Although the transfer of ownership of a stock certificate happens with decreasing frequency and involves steps that would not be required for an electronic transfer of ownership, the tax implications are the same. Such a transfer costs nothing for one person transferring ownership to another, unless the value of the stock exceeds a threshold stipulated by the Internal Revenue Service. The recipient of the transfer of ownership, however, might incur a tax liability -- depending on what she does with the stock.
A stock certificate is a legal document that certifies your ownership of stock in a company. It you want to transfer your ownership in the stock to someone else, you must perform a stock transfer, which is easy to implement. A stock transfer form is filled out and submitted to a stock registry agent, whose primary responsibility is to keep a record of the exchange of shares from one investor to another. To get started, go to the agent's website, and print, fill out and sign a "Stock Transfer Form." It is important that you endorse the stock certificates and get a medallion guarantee from an approved financial institution to authenticate the transfer. Mail the form and stock certificates back to the agent.
Gift and Estate Tax
A stock transfer could potentially carry a "gift tax" for you as the donor, but you're free from the tax if the value of the shares is $13,000 or less (as of the writing of this publication). Married couples can give up to $26,000 without triggering the gift tax. There is also estate tax to think about. The value of your estate is everything you own including stocks. An executor sells your assets to pay off all your liabilities upon your death. The remainder of your estate goes to your heirs, which would include any shares of stock. For estate planning purposes, for deaths occurring in 2012, estates worth $5.12 million or less are exempt from paying the estate tax of 35 percent.
Tax Impact to Recipient
Normally, the recipient of the shares does not pay taxes on the stock transfer, which is the good news. The bad news is, she can't avoid paying capital gains tax if she decides to sell the shares for a profit. Short-term capital gains tax could be at her ordinary income tax rate if she sells the shares less than one year after receiving them, or at the lower long-term capital gains tax rate of 15 percent or less if she waits longer than one year to sell the shares. The Internal Revenue Service uses the cost basis of the donor if the recipient sells the shares and they appreciated in value since the transfer to calculate the capital gains tax and how long she held the stock. If the shares declined in value before the transfer, the tax paid depends on how much of a gain or loss the new owner made on the sale.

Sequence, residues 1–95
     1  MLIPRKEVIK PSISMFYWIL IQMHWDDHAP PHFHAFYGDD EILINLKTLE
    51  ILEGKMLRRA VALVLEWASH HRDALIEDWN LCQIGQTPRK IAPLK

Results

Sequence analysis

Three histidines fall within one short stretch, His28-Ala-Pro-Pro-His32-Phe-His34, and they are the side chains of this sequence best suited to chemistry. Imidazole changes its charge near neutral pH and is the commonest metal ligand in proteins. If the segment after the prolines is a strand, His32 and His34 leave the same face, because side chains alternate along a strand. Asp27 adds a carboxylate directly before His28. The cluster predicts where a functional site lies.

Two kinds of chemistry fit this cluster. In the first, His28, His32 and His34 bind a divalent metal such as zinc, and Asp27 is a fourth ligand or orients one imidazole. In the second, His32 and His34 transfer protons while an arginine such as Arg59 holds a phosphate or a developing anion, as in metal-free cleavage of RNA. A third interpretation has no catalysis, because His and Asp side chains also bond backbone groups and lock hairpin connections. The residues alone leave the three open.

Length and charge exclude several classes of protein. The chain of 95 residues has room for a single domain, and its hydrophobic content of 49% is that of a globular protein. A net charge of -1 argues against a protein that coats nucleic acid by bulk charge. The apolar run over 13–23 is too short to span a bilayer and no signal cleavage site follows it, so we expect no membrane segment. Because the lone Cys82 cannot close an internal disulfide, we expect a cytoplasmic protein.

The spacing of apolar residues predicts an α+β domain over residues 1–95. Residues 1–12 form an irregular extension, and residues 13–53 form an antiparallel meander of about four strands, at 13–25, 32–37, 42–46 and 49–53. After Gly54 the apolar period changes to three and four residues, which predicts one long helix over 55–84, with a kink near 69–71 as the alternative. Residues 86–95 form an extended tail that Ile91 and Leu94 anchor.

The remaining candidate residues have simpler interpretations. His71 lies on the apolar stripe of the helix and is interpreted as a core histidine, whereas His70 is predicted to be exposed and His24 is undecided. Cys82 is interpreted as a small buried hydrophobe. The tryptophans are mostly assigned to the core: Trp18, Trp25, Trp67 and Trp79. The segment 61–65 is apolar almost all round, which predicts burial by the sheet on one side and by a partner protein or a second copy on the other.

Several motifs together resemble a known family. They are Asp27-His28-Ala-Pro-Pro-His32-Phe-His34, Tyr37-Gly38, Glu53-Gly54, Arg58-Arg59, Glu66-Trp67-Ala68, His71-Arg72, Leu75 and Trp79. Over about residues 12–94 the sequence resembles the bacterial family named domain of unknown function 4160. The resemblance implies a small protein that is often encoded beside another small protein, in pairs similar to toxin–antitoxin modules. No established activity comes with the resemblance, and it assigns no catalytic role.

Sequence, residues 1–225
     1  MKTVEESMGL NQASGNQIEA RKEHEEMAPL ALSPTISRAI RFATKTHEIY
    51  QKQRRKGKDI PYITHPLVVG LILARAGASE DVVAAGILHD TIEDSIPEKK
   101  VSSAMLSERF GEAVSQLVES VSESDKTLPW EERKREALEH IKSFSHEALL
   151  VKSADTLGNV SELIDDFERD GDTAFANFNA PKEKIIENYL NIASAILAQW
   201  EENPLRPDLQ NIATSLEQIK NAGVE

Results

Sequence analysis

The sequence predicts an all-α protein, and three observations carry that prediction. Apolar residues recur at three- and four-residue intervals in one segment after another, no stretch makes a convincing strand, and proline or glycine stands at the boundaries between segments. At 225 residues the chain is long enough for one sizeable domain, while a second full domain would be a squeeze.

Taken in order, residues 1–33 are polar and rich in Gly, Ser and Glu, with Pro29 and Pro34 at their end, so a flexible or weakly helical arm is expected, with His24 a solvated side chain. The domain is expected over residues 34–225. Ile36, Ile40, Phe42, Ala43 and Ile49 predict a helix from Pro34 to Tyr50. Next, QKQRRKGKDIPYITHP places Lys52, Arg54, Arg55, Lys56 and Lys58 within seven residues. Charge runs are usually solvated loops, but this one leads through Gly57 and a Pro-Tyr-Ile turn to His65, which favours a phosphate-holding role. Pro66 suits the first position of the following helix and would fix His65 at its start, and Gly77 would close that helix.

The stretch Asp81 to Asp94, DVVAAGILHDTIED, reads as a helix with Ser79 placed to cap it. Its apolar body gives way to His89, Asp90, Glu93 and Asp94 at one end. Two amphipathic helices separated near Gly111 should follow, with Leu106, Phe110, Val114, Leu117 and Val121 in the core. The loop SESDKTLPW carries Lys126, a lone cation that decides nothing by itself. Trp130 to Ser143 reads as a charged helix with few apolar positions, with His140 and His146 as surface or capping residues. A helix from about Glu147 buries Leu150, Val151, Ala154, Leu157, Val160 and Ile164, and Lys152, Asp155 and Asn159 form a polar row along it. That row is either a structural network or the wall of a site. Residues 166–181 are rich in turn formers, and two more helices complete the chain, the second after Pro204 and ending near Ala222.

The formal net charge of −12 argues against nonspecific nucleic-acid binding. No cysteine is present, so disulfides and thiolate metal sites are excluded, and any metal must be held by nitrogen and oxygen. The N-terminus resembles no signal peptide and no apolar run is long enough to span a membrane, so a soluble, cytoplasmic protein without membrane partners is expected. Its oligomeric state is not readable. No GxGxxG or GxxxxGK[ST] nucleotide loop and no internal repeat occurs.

At the end of the year, you decide to transfer your 5,000 shares of Acme Corp. to your niece. You bought the stock for $50 per share. Your cost basis in the stock is $250,000. If the shares rise to $275,000, the cost basis for your niece is the original cost to you. If she sells the shares for $275,000, she pays capital gains tax on the $25,000 ($275,000 - $250,000). If the fair market value of the shares falls to $200,000 at the time of the transfer but she sells the shares for $260,000 at a later date, her cost basis is $250,000 or the original cost of the share to you. In this case, she pays capital gains tax on $10,000 ($260,000 - $250,000). If the shares fall in value to $180,000 when you transfer them to your niece and she sells the shares for $175,000 at a later date, her cost basis is $180,000, which is a capital loss of $5,000. She may use the capital loss to reduce her taxable income up to $3,000 per year.
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